What is Arbitration?
You may have heard of arbitration if you're looking for an alternative way to resolve a legal problem, or it may be something you've agreed to in a contract.
Learn more about what arbitration means for a legal dispute.
Arbitration is a form of alternative dispute resolution (ADR). Instead of litigating an issue before a traditional court, parties agree to have a private arbitrator decide the case. The arbitrator acts as a judge and issues a ruling on the case. Parties can use arbitration to resolve almost any kind of noncriminal legal issue.
The arbitration process is typically much quicker than traditional litigation, and parties may be able to get a decision about their case months or even years earlier. Arbitration tends to be cheaper for parties due to less strict procedural requirements and a faster outcome.
Parties also have more control over procedures, evidence and other arbitration rules. Sometimes the issue in a case may require particular expertise to understand fully, and an arbitrator with relevant background or education may be desired.
Arbitration can be binding or nonbinding. In most cases, arbitration agreements between parties are binding, and the arbitrator's decision is final. Parties give up their right to litigate the case in the court system when they agree to arbitration. The Federal Arbitration Act recognizes the validity of arbitration agreements, and courts will enforce a binding arbitration outcome.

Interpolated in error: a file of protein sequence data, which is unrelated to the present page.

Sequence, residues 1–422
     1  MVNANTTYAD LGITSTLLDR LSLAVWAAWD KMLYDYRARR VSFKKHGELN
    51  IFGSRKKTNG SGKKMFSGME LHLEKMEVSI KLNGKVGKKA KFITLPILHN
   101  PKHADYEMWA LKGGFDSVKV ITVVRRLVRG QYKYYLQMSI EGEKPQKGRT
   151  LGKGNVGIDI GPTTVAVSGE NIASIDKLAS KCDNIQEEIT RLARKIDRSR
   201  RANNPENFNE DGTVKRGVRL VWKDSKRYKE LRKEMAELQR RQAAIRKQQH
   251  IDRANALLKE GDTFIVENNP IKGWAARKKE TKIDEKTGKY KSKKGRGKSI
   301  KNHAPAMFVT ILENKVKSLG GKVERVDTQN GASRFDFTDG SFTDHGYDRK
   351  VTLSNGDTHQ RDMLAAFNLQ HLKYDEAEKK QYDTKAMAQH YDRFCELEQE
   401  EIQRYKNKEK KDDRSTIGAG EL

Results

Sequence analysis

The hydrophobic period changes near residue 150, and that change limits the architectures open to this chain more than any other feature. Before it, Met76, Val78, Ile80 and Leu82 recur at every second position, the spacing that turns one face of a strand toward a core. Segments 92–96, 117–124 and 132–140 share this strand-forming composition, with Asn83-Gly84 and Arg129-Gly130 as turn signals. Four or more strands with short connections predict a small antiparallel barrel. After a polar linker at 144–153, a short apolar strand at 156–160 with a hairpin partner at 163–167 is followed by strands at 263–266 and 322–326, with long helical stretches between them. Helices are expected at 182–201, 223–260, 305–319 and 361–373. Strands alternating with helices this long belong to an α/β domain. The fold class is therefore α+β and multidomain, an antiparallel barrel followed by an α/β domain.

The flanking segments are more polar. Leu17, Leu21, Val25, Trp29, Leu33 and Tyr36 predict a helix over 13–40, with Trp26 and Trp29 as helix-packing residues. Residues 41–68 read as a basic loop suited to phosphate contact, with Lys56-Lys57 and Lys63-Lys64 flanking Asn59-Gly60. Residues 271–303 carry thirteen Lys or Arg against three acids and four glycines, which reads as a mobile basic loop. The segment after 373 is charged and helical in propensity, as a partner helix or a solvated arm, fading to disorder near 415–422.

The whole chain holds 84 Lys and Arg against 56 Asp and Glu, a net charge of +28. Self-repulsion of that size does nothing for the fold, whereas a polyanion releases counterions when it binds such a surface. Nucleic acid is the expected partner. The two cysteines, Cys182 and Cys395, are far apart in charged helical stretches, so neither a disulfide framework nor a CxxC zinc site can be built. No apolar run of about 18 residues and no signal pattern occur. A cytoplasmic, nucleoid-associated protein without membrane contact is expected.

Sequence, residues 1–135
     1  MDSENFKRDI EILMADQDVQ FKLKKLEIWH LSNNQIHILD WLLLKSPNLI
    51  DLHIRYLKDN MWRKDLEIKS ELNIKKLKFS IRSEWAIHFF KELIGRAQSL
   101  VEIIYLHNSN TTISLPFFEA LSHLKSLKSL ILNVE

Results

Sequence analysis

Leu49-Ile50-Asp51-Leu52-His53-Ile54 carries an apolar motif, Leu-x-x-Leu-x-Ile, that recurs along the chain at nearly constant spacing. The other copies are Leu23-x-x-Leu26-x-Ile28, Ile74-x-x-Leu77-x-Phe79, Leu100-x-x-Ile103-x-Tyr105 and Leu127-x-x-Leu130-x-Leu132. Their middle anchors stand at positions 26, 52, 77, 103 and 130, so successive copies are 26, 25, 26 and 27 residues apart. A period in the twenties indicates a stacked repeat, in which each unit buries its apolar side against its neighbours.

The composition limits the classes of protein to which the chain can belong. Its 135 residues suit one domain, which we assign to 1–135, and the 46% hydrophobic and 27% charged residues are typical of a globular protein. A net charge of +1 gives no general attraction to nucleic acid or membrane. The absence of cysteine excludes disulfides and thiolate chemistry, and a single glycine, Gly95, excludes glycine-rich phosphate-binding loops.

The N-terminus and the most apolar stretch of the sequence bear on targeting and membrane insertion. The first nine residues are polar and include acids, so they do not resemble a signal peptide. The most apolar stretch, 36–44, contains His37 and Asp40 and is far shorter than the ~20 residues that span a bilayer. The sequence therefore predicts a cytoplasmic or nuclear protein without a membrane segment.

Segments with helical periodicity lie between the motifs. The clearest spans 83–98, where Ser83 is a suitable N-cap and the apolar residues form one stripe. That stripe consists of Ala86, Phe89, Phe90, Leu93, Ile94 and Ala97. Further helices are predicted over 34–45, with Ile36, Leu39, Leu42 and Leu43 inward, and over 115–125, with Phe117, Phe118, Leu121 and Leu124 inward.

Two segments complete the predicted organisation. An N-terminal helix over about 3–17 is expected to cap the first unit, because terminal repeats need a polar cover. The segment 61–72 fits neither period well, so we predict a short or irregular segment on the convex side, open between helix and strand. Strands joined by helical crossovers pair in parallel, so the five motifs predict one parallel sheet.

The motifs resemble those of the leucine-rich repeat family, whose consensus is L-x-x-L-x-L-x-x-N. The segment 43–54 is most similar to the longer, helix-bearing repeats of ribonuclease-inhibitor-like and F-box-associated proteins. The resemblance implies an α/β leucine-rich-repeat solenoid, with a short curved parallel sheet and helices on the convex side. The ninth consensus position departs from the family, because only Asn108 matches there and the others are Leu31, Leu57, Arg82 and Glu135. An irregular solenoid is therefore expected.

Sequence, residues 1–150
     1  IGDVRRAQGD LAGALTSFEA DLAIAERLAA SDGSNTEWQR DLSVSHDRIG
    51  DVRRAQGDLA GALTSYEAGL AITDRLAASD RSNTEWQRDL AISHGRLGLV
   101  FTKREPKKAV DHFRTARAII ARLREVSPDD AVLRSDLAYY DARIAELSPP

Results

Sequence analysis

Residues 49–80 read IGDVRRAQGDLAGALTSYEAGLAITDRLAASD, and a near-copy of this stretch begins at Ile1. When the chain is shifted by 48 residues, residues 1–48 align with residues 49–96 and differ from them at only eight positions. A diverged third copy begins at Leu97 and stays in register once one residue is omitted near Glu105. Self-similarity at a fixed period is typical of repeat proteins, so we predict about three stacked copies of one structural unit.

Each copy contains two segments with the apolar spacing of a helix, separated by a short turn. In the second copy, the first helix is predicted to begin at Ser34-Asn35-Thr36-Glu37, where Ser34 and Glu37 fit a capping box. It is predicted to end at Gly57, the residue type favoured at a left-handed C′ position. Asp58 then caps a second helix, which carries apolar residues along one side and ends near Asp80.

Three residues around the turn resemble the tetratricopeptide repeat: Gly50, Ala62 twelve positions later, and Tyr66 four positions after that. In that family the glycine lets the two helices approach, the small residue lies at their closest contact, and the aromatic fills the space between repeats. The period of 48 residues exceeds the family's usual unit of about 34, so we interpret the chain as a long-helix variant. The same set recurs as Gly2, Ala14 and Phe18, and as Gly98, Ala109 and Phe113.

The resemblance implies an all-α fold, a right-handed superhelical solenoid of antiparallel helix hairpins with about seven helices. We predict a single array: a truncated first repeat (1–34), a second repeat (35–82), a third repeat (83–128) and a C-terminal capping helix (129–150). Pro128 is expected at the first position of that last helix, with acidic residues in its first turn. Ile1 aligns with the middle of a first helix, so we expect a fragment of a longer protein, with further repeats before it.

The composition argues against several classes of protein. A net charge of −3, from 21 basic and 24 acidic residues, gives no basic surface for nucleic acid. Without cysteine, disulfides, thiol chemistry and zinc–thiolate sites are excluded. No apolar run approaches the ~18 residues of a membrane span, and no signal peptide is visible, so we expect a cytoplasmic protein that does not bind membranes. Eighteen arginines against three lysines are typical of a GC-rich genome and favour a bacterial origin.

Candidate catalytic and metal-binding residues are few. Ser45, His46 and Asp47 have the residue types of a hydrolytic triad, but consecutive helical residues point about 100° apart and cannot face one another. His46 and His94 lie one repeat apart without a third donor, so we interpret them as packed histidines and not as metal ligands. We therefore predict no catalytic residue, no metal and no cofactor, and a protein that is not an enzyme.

However, some arbitration agreements are nonbinding. In these cases, the parties reserve the right to litigate the case in court if certain conditions are met.
Many arbitration agreements are formed as part of a contract before a dispute ever arises. For example, two companies might enter into a contract to do business. One of their contract terms might require that all disputes go to arbitration.
Contract clauses requiring arbitration are sometimes controversial due to a power disparity between the parties. Landlords, employers and businesses often include arbitration agreements in their contracts. The other parties to these contracts don't usually get to negotiate terms and may not realize they've agreed to arbitration.
In other cases, parties submit to arbitration after a dispute has arisen. Submission to arbitration happens in many types of cases. Parties to a divorce or personal injury case might agree to arbitration to obtain a quick decision or increase privacy.
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Arbitration usually replaces a court trial, and parties get a final ruling on their case from the arbitrator. The arbitrator's decision about the case is usually binding, just like a ruling from a judge.
Mediation, however, helps parties reach a settlement agreement. Mediators listen to each side, facilitate conversations between parties and help parties find common ground. However, mediators don't make decisions about the case. Sometimes parties are required to attend mediation by a contract or court order. However, the matter may proceed to trial if the parties can't settle.
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